Saturday, 10 May 2014
The Good Luck of Right Now by Matthew Quick
From the bestselling author of The Silver Linings Playbook. Bartholomew Neil is thirty-nine and lost. He's lived his whole life, up till a few weeks ago, with his devoted mum, but now she has died Bartholomew has no idea how to be on his own. His grief counsellor, Wendy, says he needs to find his flock and leave the nest. But how does a man whose whole life has been grounded learn how to fly? So Bartholomew turns to Richard Gere, the man his mum adored from afar, in the hope he can offer some answers. In Bartholomew's letters to Richard Gere he explores philosophy and friendship, alien abduction and the mystery of women. The letters also reveal his heart-breaking need of a family, but when Bartholomew does manage to assemble a motley family of sorts, he seems to have taken on more than he bargained for . . .
I was very excited to see that Matthew Quick has a new book coming out. I loved The Silver Linings Playbook and so was looking forward to seeing how he would follow it.
The book is written from the viewpoint of Bartholomew Neil. Bartholomew is 39 and his life has revolved around living with his Mum who has recently died. The book is written in the form of letters to Richard Gere. That might sound random, but Bartholomew's Mum adored Richard Gere so he feels that he can speak to him via letter.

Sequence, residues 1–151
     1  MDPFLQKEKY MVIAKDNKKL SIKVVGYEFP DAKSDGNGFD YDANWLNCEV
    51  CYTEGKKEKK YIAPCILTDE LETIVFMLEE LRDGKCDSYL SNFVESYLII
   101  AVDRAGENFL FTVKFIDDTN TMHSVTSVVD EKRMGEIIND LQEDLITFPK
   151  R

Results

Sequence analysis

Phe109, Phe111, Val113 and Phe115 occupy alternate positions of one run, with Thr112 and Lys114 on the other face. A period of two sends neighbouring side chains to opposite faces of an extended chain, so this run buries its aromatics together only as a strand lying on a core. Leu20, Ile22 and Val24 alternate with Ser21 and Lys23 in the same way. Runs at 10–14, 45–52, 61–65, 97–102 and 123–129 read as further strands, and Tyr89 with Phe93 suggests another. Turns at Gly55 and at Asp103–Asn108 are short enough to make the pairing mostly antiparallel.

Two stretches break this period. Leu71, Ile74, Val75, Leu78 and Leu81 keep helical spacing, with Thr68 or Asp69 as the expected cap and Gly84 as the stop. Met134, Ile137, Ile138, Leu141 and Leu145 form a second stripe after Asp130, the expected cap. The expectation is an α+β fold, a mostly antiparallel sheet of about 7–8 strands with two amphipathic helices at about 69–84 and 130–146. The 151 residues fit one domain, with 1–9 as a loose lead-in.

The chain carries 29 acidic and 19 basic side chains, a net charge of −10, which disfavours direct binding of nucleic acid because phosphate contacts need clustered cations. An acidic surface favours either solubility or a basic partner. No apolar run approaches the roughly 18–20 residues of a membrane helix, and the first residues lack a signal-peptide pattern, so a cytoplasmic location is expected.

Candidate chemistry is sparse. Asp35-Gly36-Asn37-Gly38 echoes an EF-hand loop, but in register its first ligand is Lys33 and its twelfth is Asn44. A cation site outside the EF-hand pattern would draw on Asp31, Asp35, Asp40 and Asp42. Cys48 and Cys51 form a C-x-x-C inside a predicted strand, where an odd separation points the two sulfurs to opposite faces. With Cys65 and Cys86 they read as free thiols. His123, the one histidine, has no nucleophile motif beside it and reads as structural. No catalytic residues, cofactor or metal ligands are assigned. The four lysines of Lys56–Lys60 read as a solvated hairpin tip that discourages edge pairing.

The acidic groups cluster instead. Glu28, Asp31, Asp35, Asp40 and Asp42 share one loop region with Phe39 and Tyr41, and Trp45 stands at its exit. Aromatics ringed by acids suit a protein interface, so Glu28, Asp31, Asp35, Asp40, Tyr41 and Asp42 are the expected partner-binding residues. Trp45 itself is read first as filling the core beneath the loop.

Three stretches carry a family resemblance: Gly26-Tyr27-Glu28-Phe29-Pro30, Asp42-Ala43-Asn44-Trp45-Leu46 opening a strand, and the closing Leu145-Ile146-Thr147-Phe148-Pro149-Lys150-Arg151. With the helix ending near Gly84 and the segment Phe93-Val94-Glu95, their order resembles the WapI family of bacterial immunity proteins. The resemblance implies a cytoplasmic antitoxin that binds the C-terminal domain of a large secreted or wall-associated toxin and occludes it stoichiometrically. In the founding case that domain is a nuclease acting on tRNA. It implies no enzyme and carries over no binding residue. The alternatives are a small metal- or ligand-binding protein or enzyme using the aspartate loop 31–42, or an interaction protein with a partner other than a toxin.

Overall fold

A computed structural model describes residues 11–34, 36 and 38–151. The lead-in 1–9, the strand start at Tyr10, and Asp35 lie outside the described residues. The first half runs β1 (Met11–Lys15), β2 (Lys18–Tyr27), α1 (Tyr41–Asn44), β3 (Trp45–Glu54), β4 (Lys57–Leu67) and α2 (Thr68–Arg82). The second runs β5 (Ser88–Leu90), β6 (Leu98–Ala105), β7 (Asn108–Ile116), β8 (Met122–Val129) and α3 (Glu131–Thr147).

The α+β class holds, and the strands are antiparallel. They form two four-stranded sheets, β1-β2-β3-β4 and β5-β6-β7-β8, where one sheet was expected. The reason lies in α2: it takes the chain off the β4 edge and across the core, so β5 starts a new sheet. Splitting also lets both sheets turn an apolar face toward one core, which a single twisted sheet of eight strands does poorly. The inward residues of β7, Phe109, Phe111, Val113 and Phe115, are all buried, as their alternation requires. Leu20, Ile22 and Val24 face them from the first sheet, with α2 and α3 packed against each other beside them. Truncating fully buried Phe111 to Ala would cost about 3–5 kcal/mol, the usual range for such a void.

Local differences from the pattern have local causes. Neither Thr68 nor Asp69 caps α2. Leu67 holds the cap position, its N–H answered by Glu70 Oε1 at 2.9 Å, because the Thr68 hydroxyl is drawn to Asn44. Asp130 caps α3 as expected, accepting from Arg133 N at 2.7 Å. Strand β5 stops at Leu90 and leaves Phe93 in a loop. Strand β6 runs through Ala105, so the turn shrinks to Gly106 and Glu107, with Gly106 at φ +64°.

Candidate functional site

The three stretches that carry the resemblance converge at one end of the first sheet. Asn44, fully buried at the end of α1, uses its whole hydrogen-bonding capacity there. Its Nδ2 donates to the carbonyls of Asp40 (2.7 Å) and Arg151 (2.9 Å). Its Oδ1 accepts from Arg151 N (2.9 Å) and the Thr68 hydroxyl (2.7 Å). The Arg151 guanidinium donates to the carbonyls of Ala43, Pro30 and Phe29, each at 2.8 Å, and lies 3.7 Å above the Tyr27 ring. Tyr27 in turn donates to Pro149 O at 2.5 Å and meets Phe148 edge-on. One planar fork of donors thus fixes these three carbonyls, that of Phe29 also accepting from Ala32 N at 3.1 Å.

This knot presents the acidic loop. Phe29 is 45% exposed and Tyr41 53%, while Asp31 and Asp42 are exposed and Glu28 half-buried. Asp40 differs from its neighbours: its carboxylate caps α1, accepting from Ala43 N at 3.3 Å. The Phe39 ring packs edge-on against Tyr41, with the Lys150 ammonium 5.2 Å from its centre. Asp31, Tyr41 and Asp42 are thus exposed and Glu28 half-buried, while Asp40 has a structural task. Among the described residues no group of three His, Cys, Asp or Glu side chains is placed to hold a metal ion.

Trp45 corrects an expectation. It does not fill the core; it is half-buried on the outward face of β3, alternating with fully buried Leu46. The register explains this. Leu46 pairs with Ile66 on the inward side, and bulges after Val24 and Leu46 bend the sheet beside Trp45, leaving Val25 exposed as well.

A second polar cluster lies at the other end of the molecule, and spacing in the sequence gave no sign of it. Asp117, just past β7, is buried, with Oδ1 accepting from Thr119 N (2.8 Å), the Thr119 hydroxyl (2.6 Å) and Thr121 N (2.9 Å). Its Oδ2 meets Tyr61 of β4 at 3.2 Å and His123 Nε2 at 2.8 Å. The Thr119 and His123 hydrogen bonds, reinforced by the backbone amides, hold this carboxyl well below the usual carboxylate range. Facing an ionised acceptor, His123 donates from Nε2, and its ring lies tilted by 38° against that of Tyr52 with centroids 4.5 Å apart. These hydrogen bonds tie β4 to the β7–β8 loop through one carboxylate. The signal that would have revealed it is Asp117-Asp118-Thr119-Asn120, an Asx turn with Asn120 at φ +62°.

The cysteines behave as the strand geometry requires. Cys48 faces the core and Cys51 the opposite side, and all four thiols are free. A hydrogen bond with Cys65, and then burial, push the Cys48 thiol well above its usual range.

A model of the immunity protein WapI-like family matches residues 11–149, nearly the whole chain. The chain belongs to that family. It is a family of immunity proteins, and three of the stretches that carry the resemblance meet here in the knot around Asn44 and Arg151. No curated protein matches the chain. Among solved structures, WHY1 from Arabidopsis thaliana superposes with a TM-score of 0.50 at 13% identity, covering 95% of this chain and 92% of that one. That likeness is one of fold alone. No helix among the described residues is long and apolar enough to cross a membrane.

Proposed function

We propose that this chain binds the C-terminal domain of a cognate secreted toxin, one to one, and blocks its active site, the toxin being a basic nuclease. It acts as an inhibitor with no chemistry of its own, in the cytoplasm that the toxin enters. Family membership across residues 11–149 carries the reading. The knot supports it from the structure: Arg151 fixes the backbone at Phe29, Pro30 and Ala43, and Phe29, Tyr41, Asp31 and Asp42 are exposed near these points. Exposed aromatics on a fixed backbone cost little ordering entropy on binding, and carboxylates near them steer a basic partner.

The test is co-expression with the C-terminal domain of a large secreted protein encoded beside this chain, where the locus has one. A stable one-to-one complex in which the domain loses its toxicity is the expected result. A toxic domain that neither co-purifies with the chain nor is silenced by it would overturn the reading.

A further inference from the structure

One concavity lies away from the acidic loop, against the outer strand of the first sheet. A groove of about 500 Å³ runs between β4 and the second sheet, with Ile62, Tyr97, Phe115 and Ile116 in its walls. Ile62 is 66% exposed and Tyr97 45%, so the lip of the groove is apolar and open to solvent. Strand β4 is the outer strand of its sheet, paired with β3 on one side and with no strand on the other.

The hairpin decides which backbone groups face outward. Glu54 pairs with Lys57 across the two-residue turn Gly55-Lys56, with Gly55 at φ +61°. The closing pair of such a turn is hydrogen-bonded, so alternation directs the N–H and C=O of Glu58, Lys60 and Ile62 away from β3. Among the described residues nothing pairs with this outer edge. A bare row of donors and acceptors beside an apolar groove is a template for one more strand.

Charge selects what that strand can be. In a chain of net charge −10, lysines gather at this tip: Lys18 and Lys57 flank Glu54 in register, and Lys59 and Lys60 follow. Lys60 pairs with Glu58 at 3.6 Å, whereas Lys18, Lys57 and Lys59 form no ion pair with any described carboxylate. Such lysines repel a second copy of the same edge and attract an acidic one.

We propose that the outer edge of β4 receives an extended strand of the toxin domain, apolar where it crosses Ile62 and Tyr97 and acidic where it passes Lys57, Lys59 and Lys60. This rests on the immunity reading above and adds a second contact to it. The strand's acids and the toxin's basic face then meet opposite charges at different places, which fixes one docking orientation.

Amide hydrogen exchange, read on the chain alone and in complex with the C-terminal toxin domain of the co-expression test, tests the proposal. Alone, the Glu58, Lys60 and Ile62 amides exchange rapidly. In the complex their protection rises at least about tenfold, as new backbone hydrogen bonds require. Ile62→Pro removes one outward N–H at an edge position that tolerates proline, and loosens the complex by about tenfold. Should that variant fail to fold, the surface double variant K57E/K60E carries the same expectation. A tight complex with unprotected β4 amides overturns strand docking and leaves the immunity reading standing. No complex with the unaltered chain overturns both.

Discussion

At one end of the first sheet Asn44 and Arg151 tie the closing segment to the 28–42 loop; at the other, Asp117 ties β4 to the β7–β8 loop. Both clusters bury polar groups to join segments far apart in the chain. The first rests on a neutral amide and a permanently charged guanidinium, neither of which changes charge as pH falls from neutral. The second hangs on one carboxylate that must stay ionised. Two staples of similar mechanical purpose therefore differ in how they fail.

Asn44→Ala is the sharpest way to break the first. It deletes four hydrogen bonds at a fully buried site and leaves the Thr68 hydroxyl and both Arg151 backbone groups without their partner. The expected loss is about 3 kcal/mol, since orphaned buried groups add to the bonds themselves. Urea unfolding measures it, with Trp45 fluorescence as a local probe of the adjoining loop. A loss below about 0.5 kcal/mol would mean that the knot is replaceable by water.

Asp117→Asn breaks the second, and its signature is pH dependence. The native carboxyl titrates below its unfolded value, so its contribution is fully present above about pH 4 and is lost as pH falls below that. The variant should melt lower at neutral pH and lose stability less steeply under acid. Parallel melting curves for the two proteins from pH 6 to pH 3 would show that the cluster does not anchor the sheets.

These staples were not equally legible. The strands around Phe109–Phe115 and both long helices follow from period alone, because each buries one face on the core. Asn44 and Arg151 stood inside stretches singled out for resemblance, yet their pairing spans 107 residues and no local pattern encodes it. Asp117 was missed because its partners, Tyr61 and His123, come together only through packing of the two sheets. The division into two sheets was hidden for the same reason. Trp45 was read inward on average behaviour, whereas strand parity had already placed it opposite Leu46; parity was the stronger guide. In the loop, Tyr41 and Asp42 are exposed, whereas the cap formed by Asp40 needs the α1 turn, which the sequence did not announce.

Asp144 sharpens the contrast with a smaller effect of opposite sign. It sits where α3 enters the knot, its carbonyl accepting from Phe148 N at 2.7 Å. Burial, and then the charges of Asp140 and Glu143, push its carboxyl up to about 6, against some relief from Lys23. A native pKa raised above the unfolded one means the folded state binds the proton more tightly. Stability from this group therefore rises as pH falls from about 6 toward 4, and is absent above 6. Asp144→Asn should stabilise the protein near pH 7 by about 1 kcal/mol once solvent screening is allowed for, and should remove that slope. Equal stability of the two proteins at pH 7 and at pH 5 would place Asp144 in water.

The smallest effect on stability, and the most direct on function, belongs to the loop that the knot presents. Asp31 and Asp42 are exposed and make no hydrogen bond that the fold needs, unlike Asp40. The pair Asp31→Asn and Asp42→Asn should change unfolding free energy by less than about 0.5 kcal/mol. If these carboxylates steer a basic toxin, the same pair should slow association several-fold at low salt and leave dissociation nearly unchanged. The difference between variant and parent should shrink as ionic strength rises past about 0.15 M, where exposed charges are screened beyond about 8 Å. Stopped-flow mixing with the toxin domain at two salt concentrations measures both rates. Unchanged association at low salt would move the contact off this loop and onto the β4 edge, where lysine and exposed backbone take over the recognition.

The book is quite intense in places and deals with heavy issues. I like the way that Matthew Quick in both his books hasn't been afraid to write about mental health issues. In this book it explores how the death of his Mum has affected Bartholomew, both through the letters he writes to Richard Gere, but also through his use of therapy. We meet his friend Max and his sister Elizabeth who are also complex characters. We also meet his priest who plays a pivotal role in the book also.
Writing the book in the form of letters is really good, and breaks up some of the deeper moments. I found the book flowed well and liked learning snippets of information about Richard Gere along the way!
I really felt for Bartholomew and it is clear that he has not had an easy life and craves some of the things that we take for granted, such as going on a date, or going to a bar with a friend, I did want to reach into the book and befriend him.
With some books you can guess the storyline early on. Whilst I did see a few things coming I was never sure, and I didn't predict how it would draw together. This kept me interested and made for a roller coaster ride.
This is a quirky book which seems to have divided readers when looking at reviews, but I enjoyed it. The characters are engaging and the depth of storyline kept me going.
Thank you to Pan Macmillan who provided a copy of the book via Netgalley in return for an honest review.